By Jack Calhoun
Members of Lewinsville Faith in Action responded to the shooting horrors in New Zealand by reaching out to three local Muslim congregations. Informed by faith and fact, Lewinsville Faith in Action (LFA), in partnership with others, works for political, social, economic and environmental policies that are based on justice and compassion. LFA’s letter to these congregations appears below. We grounded our response in theology, a continued pledge to alter our nation’s immigration and gun laws, and an open-arm invitation for dialogue, provision of assistance and for interfaith learning and respect.
What follows is the letter sent by Lewinsville Faith in Action to three local Muslim congregations.
To: The honored congregations at the All Dulles Area Muslim Society, the McLean Islamic Center and the Dar Al-Hijrah Islamic Center
From: Members of Lewinsville Faith in Action (www.LewinsvilleFaithInAction.org), Co-leaders Jack Calhoun and Cindy Speas
Lewinsville Faith in Action deplores yet another act of race-fueled, white-supremacy hatred, this one claiming the lives of 50 sacred souls at Al Noor Mosque and Linwood Mosque in Christchurch, New Zealand.
We have had occasion to march with you, our Muslim brothers and sisters and to attend Friday prayer services. We stand deeply committed to protecting the civil and human rights of those of every – or no- religion, and to altering our nation’s immigration laws so they will welcome, not shun, the stranger, the refugee, the oppressed.
This heinous and cowardly attack, horribly evocative of the attacks on Tree of Life, Sutherland Springs, Mother Emmanuel and Oak Creek, defiled what should be the safest, the most sacrosanct of places – where we pray, where we worship, where we find strength to love God and our neighbor. These are places where we are sustained, not places where we cringe in fear.
We at Lewinsville Faith in Action pledge to continue advocating for laws on the local, state and national levels that would both protect minority communities and end the obscene availability of firearms, especially assault weapons.
We welcome the opportunity for dialogue, provision of assistance and for interfaith learning and respect. We open our arms to you as our worshipping community neighbor. We extend an open invitation to you to share your thoughts (and pain) with us at one of our monthly Lewinsville Faith in Action meeting here in Falls Church. We would also welcome any opportunity to meet with you, sharing our profound grief at the attacks on members of your worshipping community.
Please feel free to contact our co-leaders, either Jack Calhoun at email@example.com or Cindy Speas at firstname.lastname@example.org.
In sorrow and solidarity, and on behalf of Lewinsville Faith in Action,
Jack Calhoun and Cindy Speas, Co-Leaders, Lewinsville Faith in Action
In the wake of the tragedy, Jacinda Ardern, New Zealand’s Prime Minister, set an inspiring and courageous moral tone for the world community. As reported in the Guardian (London), Ardern said, in part, “They are us…New Zealand had been chosen because it was safe, because it was no place for hatred or racism…we represent diversity, kindness, compassion, home for those who share our values, and refuge for those who need it.” Ardern sees and celebrates differences, differences that should be respected, enhanced and “connected with.” She buttressed her ringing moral statements with a pledge to reform the nation’s gun laws: “Within 10 days of this horrific act of terrorism, we will have announced reforms that I believe will have made our community safer.” (New York Times, p. A8, 3/19/19).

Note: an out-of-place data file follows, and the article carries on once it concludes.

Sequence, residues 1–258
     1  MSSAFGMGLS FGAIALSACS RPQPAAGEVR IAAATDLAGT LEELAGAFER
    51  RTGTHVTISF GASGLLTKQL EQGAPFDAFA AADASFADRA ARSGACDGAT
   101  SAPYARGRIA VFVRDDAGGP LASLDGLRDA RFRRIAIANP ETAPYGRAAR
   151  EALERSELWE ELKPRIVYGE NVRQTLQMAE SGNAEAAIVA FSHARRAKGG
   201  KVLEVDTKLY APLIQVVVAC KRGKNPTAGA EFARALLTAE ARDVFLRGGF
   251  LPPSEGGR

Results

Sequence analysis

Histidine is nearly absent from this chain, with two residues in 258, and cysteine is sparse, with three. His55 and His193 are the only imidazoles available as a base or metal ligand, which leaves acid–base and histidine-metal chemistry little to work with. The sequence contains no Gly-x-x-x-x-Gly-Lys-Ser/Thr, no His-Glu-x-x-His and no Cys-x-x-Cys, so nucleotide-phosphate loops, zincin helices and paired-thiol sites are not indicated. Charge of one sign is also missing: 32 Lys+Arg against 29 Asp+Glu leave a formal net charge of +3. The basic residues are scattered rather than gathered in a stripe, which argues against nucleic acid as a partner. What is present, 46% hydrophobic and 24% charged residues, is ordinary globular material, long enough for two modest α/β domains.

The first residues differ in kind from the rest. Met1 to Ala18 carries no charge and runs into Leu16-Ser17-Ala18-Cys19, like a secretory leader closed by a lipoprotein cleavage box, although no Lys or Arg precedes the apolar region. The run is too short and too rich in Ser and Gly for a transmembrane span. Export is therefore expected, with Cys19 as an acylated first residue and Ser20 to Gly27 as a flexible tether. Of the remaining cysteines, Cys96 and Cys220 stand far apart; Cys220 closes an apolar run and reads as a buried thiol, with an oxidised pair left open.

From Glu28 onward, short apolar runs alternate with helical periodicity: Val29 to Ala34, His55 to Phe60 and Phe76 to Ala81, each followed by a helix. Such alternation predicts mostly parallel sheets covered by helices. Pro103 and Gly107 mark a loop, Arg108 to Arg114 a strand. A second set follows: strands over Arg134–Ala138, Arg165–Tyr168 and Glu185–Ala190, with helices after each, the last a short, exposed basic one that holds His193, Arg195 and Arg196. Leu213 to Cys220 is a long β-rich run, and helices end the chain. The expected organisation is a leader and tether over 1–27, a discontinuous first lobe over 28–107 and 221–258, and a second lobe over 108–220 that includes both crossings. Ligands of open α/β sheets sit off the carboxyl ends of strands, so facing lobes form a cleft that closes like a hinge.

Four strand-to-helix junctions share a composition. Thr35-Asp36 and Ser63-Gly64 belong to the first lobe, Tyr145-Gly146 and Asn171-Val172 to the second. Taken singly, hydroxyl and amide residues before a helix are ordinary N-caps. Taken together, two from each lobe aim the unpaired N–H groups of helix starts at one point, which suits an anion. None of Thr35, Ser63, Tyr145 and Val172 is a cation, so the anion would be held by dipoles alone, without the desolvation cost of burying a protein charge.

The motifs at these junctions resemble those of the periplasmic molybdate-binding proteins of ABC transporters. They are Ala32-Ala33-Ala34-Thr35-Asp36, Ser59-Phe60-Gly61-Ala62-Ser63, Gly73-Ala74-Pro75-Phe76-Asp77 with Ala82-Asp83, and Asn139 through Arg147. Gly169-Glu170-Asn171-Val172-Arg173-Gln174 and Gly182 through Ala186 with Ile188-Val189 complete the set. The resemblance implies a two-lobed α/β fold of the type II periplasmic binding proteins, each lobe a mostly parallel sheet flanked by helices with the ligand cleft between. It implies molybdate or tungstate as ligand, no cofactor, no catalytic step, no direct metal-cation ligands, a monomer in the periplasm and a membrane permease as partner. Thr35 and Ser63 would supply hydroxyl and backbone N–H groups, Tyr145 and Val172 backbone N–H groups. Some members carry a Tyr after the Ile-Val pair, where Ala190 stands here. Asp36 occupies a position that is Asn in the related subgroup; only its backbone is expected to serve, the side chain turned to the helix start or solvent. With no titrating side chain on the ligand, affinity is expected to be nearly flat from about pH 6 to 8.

Ardern’s summon to our better angels and resonant moral tone stand in stark contrast to Trump’s moral deafness — Trump, who often uses his, the world’s largest bully pulpit, to do the opposite — to bully not welcome, hurt not heal, divide not unite. He, as authoritarian leaders of recent and current history, if responding to an attack would play only his worn fear card, a strident warning against murderers, rapists, and terrorists, and a dark threat to Democrats and a chilling reminder that his support does not come from our democratic process, but, as he has proudly proclaimed, “I have the support of the police, the support of the military, the support of the Bikers for Trump.”
Given this appalling, Trump-created moral vacuum each of us must fill that void, must carry and act on our deeply held moral and political beliefs. We can pray, write, act politically for or seek to welcome, not shun, the newcomer. Unfortunately, the moral beacon is not found in our leadership here. But the moral beacon exists — in New Zealand. And it exists in the hearts of millions of Americans who know that we are a nation founded on welcoming the stranger, the refugee, the seeker for freedom to worship, the hungry and the oppressed.
Thank you, New Zealand, for reminding us who we are, who we can and should be.
Jack Calhoun is the co-leader of Lewinsville Faith in Action.